While it’s common to launch critical attacks on summer blockbuster formula action movies, Face/Off has been greatly underrated. Many recognize the signature action style of John Woo (with the swirling capes, fiery explosions, villains, and “high noon” stare-down) that elevates Face/Off above the standard American action flick, but this film has even more to offer.
The opening sequence is an interest-catcher that helps grab you and establish Sean Archer’s (John Travolta) Ahab-like obsession to capture international terrorist Castor Troy (Nicolas Cage), as our villain takes aim at FBI agent Archer in an amusement park but kills his five-year-old son instead. The scene is captured silently through black-and-white camerawork and some deft flying balloons, but works well due to good acting by Travolta.
Six years pass, and Archer has relentlessly pursued Troy and knows him more than any person on Earth except perhaps Castor’s brother Pollux (Allexandro Nivola). Terrorist Castor is dealing high stakes and planning a major attack at the Los Angeles Convention Center, showing what a wild-and-crazy guy he is by dressing as a dancing priest and groping choir girls. Turns out he has got some sexual fetishes like slapping ladies’ buttocks and offering his tongue for swallowing. So Castor establishes himself as the wild man, in sharp contrast with his polar opposite—the melancholy Archer, whose thoughts single-handedly dwell on bringing Castor Troy down.
After a dynamic action-packed confrontation at LAX, complete with Woo-styled flying double shooting fireworks, the mission is accomplished. Castor Troy is dead. Or is he? There are still 90 minutes to go, and the bomb to wipe out LA is still set to go off.
Prepare to suspend reality at this point, for science and technology have merged to find a way to keep Troy’s body alive in a vegetative state so that they can exchange Castor’s face for Sean Archer’s to allow the agent to perform the ultimate undercover work and get Pollux to reveal the bomb’s location. It just takes a magical electronic voice converter, some hair-trimming, and lots of body tucks to convert Archer to his archenemy. Now Archer just has to deal with the idea of keeping this all secret from everyone (including his wife). He has to stare at his new evil face and force himself to take on Castor’s wild-and-crazy persona.
Of course, we realize that the plan will go awry. Somehow Castor’s vegetable body comes to life and discovers that his face has been turned to a bloody goo. His henchmen summon the doctors who have done the bloody deed to cover the goo with Archer’s face and to exchange identities. Forget the illogic of the whole situation and sit back to enjoy the ride; Woo has set up a modern Shakespearean device of mistaken identities and turned two great actors loose.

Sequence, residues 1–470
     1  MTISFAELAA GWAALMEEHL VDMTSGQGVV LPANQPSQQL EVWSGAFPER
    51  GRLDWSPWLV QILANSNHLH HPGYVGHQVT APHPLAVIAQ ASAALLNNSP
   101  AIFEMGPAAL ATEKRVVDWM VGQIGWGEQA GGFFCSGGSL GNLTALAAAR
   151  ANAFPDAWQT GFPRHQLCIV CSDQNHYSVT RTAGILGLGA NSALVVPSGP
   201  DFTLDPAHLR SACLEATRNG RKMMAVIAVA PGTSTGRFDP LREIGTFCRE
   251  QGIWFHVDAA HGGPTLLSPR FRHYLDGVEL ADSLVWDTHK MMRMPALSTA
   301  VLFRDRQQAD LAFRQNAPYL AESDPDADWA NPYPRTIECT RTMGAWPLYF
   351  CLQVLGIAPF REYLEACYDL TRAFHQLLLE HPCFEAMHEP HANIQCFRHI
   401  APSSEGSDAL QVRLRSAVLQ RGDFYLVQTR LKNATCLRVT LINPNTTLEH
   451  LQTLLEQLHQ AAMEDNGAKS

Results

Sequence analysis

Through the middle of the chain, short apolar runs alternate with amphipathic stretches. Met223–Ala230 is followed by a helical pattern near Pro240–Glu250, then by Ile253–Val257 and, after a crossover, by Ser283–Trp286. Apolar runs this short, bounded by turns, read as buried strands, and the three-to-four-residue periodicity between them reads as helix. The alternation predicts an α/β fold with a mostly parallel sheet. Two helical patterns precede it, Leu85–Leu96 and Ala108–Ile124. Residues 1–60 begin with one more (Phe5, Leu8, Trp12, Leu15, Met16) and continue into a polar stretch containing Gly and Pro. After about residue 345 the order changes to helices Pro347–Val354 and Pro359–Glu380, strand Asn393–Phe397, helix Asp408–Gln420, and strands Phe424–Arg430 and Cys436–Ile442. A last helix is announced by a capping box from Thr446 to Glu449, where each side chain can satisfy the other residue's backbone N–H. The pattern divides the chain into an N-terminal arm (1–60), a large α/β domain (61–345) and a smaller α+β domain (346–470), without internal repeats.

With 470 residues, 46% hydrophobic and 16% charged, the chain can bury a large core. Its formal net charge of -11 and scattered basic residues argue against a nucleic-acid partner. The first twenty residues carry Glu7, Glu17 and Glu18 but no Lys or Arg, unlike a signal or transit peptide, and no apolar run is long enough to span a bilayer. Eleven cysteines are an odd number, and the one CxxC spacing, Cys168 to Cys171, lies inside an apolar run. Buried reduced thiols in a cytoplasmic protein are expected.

Watching Travolta and Cage play dual hero and dual villain roles remains the most enjoyable aspect from this film.
It’s difficult enough to realize that each actor has many variations of his role to fulfill, as Travolta must portray Cage acting like Travolta but with the Cage character internalized while Cage is performing the same multiple roles. It’s enough to boggle the mind when putting this on paper, but watch for the subtleties in their facial expressions as they make this tricky gimmick work.
OK, let me try one scene here. Keeping in mind how Cage’s character relates to women, imagine Travolta arriving home and seeing the partially clothed daughter through Castor’s eyes while conscious that he can’t let loose and do his butt-slapping/tongue-inserting persona. There are dozens more instances like this that are a pure joy to watch.
Another thing that Woo develops in his film is the Hitchcockian technique of making our hero and villain inseparable. While we have the obvious "good vs. evil" theme developed, Woo creates situations to let us know that this is not black-and-white. As evil as Castor is, we see some sensitivity with his character—the caring for his brother (Alessandro Nivola), personified by his tying of Pollux’ shoelaces, the fact that he has a young son to care for, and the scene where he actually offers helpful advice to Archer’s daughter. Likewise, we see that Archer isn’t all perfect either, as he can be cold and uncaring and turn violent with rage.
To drive this point home, Woo puts the characters into parallel roles with a supporting wife and girlfriend, expertly played by Joan Allen and Gina Gershon. The roles are merged and convoluted so well that the only way to differentiate the true identities must rely on internal cues—from physical ones like differing blood types to habitual ones like a loving gesture or a lustful one. And we do get that final standoff with all four characters pointing guns at one another inside a church.
Of course the whole situation is absurd, but some films are meant to deliver pure entertainment and Face/Off delivers. It also provides some material to reflect on. It may be the common theme concerning the thin line between good and evil, but it’s a pleasure to see this developed visually in John Woo fashion.